The suction function, Part 2
Last week, in Part 1, we discussed how to keep energy costs down and how to maintain vacuums. To read that article, click here.
This week, we discuss how to make sure your vacuums are in it for the long haul and we also talk about how to properly clean the entire vacuum system.
Tim Sater, the director of marketing and regional sales for D&S Car Wash Equipment Company, said there are a couple simple things an operator can do to ensure the longevity of their expensive vacuum investment:
- Regularly replace bags so they do not get full of dirt or continue using them with rips and holes. A bag that is full or has holes in it can leak dust that will eventually cause the motor to burn up. This can be a costly repair, Sater explained.
- Make sure the bags are securely attached to the inside frame. If a bag becomes loose, it will spew dust and debris in the canister and cause the motor to fail. It is just a matter of time.
- Minimize water intake. According to Sater, “Moisture, as well as dust, is the enemy of all electrical motors. If enough water is introduced into the canister, the motor will eventually burn up. You just have to hope that whoever is using the vacuum does not suck up a lot of water.”
According to GinSan, a vacuum motor is rated for 500-700 hours of life. This life span decreases when filters are not kept clean. Changing the motor brushes on schedule will add another 75 percent to the life of the motor. Changing the brushes a second time will add another 50 percent to the life of the motor.
Shake it out and keep it clean
Jennifer Bender, the sales & marketing manager of J. E. Adams Industries Ltd., said one of the most important steps an operator can take to improve the life of the equipment is to shake out filter bags at least once a week and more often if necessary. You should also wash the filter bags as much as needed.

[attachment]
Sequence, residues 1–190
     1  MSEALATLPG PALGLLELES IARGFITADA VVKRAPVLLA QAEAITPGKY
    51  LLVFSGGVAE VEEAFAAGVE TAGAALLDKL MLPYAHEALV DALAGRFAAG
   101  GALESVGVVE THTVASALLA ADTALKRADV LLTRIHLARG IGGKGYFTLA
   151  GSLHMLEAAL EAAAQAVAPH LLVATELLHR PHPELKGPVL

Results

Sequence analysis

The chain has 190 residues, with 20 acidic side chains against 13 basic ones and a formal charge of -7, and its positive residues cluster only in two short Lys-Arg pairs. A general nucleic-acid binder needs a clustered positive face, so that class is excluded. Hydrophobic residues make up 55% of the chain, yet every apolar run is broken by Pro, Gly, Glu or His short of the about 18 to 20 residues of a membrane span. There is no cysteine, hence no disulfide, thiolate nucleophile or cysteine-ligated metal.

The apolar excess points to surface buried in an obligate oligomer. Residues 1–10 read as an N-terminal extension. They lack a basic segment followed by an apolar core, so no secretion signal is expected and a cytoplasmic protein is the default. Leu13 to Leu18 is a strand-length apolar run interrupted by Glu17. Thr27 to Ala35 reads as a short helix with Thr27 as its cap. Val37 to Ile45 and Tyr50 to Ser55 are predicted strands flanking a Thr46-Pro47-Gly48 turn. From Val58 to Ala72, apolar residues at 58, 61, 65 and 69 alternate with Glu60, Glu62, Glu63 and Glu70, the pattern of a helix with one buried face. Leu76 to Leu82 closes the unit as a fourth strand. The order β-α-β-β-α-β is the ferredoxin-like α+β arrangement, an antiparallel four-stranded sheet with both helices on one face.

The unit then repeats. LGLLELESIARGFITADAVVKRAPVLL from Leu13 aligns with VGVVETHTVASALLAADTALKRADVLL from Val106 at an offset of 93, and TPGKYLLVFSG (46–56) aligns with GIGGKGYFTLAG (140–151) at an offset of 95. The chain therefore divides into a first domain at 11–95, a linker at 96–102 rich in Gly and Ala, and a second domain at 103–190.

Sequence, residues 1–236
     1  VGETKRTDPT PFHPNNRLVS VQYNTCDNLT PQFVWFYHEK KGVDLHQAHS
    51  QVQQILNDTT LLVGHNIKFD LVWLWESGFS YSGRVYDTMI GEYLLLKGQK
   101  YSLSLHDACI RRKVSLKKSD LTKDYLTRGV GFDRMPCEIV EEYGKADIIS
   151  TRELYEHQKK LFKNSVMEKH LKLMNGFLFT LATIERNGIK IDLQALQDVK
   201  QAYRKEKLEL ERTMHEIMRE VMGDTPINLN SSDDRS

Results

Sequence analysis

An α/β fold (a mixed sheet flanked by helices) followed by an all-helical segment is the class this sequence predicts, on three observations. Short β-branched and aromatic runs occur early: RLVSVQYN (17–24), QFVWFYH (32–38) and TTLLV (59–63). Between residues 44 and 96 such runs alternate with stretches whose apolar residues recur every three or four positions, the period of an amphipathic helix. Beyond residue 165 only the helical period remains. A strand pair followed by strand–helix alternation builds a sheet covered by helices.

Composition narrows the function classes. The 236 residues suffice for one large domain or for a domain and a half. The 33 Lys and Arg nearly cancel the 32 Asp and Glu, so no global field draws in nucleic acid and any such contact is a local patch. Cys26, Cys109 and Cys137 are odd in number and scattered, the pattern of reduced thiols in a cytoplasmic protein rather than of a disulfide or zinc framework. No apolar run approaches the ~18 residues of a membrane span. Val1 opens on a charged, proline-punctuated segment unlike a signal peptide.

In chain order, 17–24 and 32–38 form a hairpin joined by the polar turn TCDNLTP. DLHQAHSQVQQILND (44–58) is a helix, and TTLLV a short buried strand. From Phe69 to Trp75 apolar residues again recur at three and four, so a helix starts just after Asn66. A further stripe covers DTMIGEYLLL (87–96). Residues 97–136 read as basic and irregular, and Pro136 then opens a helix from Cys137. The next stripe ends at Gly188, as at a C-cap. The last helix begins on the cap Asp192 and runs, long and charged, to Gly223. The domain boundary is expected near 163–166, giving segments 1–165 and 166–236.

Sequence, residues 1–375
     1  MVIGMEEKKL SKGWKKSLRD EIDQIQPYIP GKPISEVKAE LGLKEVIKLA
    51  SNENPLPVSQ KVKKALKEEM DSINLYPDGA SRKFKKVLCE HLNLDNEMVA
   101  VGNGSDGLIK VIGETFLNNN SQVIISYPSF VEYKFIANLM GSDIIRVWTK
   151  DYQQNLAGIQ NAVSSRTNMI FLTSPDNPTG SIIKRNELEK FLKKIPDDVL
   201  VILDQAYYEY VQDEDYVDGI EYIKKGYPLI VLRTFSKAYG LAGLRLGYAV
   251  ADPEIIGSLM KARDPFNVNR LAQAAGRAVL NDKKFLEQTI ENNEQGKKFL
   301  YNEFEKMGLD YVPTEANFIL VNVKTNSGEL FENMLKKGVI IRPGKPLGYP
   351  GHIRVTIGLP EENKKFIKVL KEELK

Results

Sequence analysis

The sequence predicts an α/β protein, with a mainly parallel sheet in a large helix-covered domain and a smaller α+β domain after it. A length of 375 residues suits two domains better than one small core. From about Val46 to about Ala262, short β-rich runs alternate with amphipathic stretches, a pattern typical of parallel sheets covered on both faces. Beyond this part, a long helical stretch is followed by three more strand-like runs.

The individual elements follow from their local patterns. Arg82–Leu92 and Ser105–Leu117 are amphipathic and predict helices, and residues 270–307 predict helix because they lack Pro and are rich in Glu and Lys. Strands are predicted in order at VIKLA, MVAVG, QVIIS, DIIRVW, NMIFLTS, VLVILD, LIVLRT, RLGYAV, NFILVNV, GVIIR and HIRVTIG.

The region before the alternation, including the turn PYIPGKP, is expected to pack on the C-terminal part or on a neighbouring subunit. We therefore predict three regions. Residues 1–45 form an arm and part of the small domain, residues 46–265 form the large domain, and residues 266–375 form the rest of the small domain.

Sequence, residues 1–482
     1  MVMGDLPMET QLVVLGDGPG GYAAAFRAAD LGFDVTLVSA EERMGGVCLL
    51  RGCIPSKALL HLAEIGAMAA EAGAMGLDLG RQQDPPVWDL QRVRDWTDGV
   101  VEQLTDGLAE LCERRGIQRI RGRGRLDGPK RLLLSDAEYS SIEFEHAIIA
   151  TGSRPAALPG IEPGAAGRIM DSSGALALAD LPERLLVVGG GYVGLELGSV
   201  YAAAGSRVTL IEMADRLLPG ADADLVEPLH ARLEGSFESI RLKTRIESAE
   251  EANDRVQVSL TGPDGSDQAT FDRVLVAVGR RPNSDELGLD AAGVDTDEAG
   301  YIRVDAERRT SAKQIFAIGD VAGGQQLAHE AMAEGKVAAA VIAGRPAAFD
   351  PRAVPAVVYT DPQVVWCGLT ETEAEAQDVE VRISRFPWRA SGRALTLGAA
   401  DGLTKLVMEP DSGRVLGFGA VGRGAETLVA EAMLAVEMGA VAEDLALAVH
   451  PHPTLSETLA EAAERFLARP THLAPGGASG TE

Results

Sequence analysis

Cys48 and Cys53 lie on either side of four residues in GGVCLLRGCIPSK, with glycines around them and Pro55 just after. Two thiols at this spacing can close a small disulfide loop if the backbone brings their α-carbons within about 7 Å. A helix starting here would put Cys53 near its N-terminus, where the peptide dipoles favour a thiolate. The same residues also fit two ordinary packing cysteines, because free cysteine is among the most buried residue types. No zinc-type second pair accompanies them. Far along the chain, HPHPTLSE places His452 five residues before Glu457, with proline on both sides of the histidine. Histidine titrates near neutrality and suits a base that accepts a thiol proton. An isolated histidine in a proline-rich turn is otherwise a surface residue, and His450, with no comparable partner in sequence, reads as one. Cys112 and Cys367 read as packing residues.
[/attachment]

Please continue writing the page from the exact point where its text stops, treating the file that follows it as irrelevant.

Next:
Steve Osborn, vice president of sales and marketing at Fragramatics Mfg. Co., Inc., said the same thing. “The best thing to do is to clean the filters every two to three weeks,” Osborn said. “We’re not talking just washing the bags, we’re talking going out there with a soft-headed brush, and cleaning the filtration units. The caked up dirt can ruin the vacuum. Reach up in there, scrub the inside of the bags. It makes the motors last longer because they’re not working as hard and it gives the customer high performance because it maintains the suction.”
Bender said operators should clean the outside of the vacuum with soap and water only or a stainless steel cleanser and to not use harsh chemicals or abrasives as they could scratch and rust the unit. “Stainless steel can last for decades if you clean it properly,” she said.
Keep the air flowing
Proper suction is key to getting the most out of a vacuum. That may be obvious, but what might not be obvious is how to get a vacuum to suction at an optimum rate.
Check the hoses, nozzle, doors, and motor gaskets for wear and tear and to replace anything that may have a hole or is worn as it will decrease your suctioning ability.
“The best vacuum is when your suction and air flow are optimized,” Osborn explained. “If I take a vacuum nozzle and it sucks down to the carpet, but there is no air moving, but there is maximum suction, then there isn’t a vacuum.
“You can pick up a bowling ball with the suction, but if there is no air flowing through the hose, then the dirt isn’t moving,” Osborn said. Osborn added that it is even advisable to check the vacuum every other day.